The deputy principal of a rural college has been censured after he punched a student on the chin in a “play fight”.
The long-serving teacher stood down from his duties as deputy principal for six weeks after the incident on March 21 last year, but the Teachers Disciplinary Tribunal says he should have been stood down for two terms.
“We think the respondent’s behaviour was surprising, and serious, coming from such a senior and long-serving teacher. It went beyond a moment of stupidity,” the tribunal said in a decision issued today.
“While the respondent has engaged in remedial or rehabilitative steps, we think the six weeks stand-down from his leadership role scarcely reflects the seriousness of the incident.”
All names and identifying details in the case have been suppressed to protect the student involved and the deputy principal’s wife and daughter who both suffer from health conditions.
The incident occurred when students, several teachers and other adults were stacking silage after school to fundraise for the college.
“The respondent started play-fighting with a Year 12 student,” the tribunal said.
“While the student and the respondent were play-fighting, the student swore; the respondent slapped the student on the back of the head; the student punched the respondent in the ribs; [and] the respondent used a controlled left jab to the student’s chin.”
The deputy principal told the college later that other students were play-fighting too, but the fight between the deputy principal and the Year 12 student “started to get really rough”.
“The respondent says he took several hits to the body and head from the student,” the tribunal said.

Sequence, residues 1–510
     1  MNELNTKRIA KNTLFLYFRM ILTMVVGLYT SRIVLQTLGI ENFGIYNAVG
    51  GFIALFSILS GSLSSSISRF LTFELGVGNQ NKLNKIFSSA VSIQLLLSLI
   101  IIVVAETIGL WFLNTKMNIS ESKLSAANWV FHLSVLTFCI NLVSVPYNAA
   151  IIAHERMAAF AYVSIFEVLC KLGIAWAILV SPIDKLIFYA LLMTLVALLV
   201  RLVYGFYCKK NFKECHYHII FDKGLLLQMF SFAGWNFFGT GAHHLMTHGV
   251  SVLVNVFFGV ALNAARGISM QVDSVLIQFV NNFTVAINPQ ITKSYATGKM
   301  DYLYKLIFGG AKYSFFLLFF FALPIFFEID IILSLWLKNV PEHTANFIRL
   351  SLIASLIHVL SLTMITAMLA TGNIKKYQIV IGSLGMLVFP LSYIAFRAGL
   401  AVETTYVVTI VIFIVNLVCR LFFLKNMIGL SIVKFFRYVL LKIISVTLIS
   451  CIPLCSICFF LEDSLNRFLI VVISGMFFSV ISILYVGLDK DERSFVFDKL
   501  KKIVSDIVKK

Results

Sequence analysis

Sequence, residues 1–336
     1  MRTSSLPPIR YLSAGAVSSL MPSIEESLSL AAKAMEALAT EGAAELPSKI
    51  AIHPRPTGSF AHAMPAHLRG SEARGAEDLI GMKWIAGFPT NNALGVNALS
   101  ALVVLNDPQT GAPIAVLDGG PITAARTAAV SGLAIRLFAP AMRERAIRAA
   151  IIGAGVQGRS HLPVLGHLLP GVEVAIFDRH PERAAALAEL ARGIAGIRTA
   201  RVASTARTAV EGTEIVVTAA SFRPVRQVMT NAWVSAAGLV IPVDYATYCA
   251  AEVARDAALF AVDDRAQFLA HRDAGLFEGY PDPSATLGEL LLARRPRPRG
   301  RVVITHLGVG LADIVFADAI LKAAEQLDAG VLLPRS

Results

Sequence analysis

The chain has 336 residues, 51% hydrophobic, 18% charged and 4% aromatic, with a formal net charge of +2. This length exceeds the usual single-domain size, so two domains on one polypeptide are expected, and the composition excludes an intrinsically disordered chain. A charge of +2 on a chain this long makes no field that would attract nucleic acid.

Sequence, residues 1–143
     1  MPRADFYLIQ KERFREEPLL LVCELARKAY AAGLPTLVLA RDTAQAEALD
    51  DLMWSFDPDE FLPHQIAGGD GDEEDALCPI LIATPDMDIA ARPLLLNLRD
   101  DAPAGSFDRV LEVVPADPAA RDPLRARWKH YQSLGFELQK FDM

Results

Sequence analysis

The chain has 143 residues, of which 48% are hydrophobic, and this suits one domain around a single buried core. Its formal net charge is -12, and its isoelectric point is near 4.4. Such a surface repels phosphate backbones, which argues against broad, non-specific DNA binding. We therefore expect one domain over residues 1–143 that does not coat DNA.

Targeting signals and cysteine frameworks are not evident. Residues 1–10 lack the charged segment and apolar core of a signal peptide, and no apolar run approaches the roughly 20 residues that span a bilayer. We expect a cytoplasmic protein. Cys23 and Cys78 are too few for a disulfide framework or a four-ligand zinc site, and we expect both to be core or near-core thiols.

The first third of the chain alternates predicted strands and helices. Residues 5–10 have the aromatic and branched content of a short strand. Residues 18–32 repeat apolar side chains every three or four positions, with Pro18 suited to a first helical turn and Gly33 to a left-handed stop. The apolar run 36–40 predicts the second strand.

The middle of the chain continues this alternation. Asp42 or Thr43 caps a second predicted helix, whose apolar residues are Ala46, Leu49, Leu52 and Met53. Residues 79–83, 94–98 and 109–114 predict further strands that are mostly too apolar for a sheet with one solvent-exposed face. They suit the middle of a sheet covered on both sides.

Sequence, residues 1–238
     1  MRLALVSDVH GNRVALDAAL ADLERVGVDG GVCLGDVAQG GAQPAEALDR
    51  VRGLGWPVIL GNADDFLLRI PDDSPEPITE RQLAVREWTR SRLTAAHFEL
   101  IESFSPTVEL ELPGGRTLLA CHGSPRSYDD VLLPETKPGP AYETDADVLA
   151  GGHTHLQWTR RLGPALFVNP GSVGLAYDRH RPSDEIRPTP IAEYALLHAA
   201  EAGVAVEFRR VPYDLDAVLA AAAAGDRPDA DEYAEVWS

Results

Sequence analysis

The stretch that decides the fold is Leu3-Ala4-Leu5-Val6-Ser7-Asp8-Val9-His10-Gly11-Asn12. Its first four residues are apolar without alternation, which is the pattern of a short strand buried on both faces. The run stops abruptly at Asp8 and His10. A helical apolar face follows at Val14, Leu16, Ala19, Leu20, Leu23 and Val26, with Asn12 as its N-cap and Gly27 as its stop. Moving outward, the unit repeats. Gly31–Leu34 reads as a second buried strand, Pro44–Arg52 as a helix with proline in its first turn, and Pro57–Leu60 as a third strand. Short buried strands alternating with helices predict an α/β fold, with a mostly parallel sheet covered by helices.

“That was when the respondent ‘did a controlled left jab to [the student’s] chin’.
“The student walked away swearing. The respondent says that he asked the student to ‘please be respectful and not swear. This made the student swear more.
“The respondent admits that he then ‘stupidly slapped [the student] in the back of the head’.”
That night, the deputy principal apologised to the student and informed the chairs of two organisations connected with the school whose names have been deleted.
The next morning he called the student’s mother to apologise.
Two weeks later he apologised to a full restorative hui attended by the student and his whānau, the college’s principal and board of trustees, a cultural advisor and the deputy principal’s wife.
“As a result of the hui, the respondent subsequently acknowledged his behaviour and apologised to all the college staff at a staff briefing, [and] took a step back from his management role at the college for six weeks while he rebuilt his mana,” the tribunal said.
“This included not speaking at assemblies, and not investigating incidents that occurred at college, especially those of a similar nature to the current matter.
“The respondent started meeting with a mentor fortnightly, who is to assist the
respondent with professional reflection and accountability.”
The tribunal censured the deputy principal for “serious misconduct”, finding that his actions adversely affected the student’s welfare, reflected adversely on his fitness to be a teacher and brought the teaching profession into disrepute.
“It is completely incompatible with the role of a member of the senior management team of a school to resort to violence in this way. It raises serious doubts about the respondent’s judgment,” the tribunal said.
“Our concern is that the use of deliberate pugilistic violence of any kind within a school is clearly against current policies and legislation, cannot be tolerated and must be clearly denounced.
“The respondent’s unblemished prior record and steps to achieve reconciliation stand to his credit to mitigate against a more serious penalty than that which we have determined is appropriate.
“We consider that an appropriate outcome to reflect the relative seriousness of this matter is censure, annotation of the register for a period of one year, and a condition that the respondent gives a copy of this decision to his current employer and to the principal of his current employer, and to any future employer for a period of two years from the date of this decision.”
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